The Nigerian Diaspora has always been the main vehicle of Nollywood’s expansion, namely in cities like London, New York and Toronto among other places. The city of Paris on the other hand, was not included in this and did not develop any special relationship with Nollywood.

If Paris is undoubtedly an African culture hotspot, the attention there has always been primarily on francophone African countries where the dynamic when it comes to cinema is very different from what is happening in Nigeria. Forget the debate about too many films coming out; in Congo, Cote d’Ivoire and Senegal the question is “where are the movie theatres?” Filmmakers from those places look to the West to fund their films and that is reflected in the films they make.

Due to historical ties, France tends to think of Africa as one homogenous place that speaks French. The representation of Anglophone countries is marginal and Nigeria, despite its population, its economy and its artists (of which some have even called France home at some point–Fela Kuti, Ola Balogun, Keziah Jones, Asa, etcetera) is largely unknown and often mistaken for Niger.

But that was until 2013, when the first edition of a festival called NollywoodWeek put Nigeria on the map as a producer of cinema and not just of home-videos.

With a tasteful selection of several “made-for-cinema” films that were recently released in Nigeria, NollywoodWeek presented the French audience with an updated window into what is currently taking place in contemporary Africa. A much-needed update as most French moviegoers reference the great Sembene Ousmane’s works as a modern representation of “African Cinema.”  Now finally on the big screen audiences glimpsed the Africa that walks fast and confidently, the Africa that is not trapped in its own thoughts, the Africa that moves forward. For many in the audience, which was a mix of French spectators and 2nd generation Francophone Africans born in France, watching movies like Phone Swap, Tango with Me, Last Flight to Abuja and Maami was an eye-opener.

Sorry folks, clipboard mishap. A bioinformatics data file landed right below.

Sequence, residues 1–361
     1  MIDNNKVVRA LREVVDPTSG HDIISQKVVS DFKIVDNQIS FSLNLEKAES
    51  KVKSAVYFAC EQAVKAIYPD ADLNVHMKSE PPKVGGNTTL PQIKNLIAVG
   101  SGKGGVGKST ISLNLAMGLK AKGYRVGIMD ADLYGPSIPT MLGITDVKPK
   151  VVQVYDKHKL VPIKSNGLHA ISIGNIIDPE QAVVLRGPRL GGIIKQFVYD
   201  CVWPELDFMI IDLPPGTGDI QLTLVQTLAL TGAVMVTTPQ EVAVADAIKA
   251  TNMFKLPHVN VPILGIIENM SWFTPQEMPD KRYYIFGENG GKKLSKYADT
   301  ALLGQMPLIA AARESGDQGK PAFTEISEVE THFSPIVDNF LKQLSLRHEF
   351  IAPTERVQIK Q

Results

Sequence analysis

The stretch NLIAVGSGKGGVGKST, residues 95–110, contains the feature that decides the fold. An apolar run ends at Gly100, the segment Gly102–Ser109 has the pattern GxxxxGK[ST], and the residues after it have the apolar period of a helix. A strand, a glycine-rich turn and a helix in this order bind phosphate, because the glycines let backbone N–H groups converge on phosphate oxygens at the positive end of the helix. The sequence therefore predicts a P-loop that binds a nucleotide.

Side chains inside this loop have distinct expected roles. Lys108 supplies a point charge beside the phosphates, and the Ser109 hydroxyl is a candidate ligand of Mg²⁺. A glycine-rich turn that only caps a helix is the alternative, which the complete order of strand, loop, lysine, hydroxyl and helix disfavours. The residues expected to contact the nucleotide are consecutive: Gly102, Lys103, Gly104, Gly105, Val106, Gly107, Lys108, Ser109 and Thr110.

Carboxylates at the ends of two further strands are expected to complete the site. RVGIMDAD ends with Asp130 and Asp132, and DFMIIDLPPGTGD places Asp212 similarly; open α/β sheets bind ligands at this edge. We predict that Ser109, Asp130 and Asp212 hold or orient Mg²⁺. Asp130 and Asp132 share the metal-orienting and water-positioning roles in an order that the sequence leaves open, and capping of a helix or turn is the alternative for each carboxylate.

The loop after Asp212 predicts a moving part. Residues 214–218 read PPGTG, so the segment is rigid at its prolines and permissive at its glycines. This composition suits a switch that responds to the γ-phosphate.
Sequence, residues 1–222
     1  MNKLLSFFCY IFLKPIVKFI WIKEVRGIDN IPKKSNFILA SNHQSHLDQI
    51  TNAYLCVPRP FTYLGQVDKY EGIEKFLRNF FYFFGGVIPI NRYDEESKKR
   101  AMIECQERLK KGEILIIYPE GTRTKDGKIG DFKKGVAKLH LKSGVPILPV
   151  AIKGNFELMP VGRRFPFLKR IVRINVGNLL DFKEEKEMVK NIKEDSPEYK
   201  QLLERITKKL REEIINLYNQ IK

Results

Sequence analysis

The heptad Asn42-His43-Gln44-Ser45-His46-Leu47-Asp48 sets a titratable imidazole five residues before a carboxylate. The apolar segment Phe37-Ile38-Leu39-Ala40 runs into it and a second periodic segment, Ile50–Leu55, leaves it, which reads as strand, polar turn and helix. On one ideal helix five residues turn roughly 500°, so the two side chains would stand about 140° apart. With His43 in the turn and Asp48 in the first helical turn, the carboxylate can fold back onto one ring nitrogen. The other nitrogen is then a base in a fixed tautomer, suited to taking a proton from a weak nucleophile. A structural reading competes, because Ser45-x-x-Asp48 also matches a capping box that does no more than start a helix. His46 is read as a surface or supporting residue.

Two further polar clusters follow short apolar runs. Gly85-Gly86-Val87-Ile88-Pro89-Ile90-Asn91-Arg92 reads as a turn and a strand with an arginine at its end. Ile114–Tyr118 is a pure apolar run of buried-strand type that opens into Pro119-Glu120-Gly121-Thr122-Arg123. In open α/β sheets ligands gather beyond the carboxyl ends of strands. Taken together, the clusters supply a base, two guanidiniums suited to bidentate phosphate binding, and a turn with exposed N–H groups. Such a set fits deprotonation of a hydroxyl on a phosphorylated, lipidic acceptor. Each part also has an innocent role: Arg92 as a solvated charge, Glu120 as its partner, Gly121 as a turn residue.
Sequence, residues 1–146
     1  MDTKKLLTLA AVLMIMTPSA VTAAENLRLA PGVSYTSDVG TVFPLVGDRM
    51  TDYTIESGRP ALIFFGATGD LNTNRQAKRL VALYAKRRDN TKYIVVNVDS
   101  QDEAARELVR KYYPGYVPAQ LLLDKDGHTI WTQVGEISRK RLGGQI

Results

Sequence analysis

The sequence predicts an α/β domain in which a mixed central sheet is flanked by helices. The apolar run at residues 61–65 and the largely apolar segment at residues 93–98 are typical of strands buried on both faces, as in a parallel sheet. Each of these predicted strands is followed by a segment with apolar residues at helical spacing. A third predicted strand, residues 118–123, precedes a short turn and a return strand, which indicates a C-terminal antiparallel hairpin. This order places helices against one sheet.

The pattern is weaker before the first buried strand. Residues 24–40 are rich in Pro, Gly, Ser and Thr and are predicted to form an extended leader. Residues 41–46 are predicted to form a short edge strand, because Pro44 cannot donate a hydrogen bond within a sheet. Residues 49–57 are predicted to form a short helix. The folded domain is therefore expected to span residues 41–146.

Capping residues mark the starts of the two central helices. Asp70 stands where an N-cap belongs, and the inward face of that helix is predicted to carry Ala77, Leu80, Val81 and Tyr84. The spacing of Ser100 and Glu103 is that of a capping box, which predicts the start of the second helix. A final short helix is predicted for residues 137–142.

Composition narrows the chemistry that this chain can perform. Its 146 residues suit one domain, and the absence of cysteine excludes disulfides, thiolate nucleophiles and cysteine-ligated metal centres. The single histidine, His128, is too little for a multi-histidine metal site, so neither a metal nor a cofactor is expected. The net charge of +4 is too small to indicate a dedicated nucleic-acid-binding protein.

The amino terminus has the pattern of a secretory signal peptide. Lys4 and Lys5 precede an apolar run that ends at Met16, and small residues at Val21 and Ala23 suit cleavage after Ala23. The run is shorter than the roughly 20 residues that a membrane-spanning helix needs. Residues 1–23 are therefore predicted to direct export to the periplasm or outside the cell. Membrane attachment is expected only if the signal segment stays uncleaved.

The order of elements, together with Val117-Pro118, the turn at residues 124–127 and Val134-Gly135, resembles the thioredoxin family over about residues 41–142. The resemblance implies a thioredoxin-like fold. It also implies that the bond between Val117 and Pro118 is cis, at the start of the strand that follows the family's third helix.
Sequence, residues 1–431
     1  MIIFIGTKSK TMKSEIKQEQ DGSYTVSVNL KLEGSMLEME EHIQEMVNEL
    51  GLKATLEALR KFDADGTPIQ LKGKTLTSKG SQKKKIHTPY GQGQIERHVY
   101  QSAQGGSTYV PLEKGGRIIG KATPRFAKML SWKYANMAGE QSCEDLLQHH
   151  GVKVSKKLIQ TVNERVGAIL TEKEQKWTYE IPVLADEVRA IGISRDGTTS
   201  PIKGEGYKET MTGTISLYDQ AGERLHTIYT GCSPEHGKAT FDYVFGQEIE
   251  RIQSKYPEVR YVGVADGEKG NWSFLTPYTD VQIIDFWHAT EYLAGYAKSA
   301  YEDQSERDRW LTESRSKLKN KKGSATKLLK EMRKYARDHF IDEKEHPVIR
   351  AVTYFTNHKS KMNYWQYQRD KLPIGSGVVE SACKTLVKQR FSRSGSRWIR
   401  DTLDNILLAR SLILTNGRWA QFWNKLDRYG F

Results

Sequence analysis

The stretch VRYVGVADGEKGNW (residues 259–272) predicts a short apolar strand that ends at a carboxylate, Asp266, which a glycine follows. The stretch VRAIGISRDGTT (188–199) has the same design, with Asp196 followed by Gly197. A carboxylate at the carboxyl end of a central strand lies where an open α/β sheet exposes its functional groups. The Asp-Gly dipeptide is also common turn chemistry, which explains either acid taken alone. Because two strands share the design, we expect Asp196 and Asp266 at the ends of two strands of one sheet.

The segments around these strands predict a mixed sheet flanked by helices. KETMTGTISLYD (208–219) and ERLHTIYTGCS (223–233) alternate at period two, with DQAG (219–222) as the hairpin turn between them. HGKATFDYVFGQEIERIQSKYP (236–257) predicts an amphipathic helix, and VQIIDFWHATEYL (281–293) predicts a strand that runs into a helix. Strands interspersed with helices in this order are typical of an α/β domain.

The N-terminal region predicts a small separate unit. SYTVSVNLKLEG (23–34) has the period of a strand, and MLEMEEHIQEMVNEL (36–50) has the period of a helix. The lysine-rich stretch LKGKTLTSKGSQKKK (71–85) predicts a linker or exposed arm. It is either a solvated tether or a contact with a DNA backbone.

Based on the number of articles and reports about Nollywood that came out in the French media since that first edition of the Nigerian film festival it seems like we might be witnessing the beginning of something new between France and Nollywood. The French take cinema seriously (after all, they invited it) so who knows what’s in store!

We just have to wait and see what happens after the second edition of NollywoodWeek to determine if it is just a fling or a real love story.

The second edition has an impressive line up once again with movies like Half of a Yellow Sun, Confusion Na Wa and Flower Girl. The festival takes place this June from the 5th to 8th in Paris, France.

Here’s the festival trailer:

More information can be found on the website.